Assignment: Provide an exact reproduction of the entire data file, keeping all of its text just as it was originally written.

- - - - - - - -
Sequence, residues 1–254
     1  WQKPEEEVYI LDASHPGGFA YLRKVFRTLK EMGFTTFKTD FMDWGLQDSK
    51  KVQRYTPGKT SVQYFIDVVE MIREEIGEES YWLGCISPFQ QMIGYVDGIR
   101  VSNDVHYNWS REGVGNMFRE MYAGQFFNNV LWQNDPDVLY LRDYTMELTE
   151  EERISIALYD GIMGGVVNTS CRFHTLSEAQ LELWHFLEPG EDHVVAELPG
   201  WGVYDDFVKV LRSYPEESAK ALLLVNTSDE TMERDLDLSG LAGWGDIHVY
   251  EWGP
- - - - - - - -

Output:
Sequence, residues 1–254
     1  WQKPEEEVYI LDASHPGGFA YLRKVFRTLK EMGFTTFKTD FMDWGLQDSK
    51  KVQRYTPGKT SVQYFIDVVE MIREEIGEES YWLGCISPFQ QMIGYVDGIR
   101  VSNDVHYNWS REGVGNMFRE MYAGQFFNNV LWQNDPDVLY LRDYTMELTE
   151  EERISIALYD GIMGGVVNTS CRFHTLSEAQ LELWHFLEPG EDHVVAELPG
   201  WGVYDDFVKV LRSYPEESAK ALLLVNTSDE TMERDLDLSG LAGWGDIHVY
   251  EWGP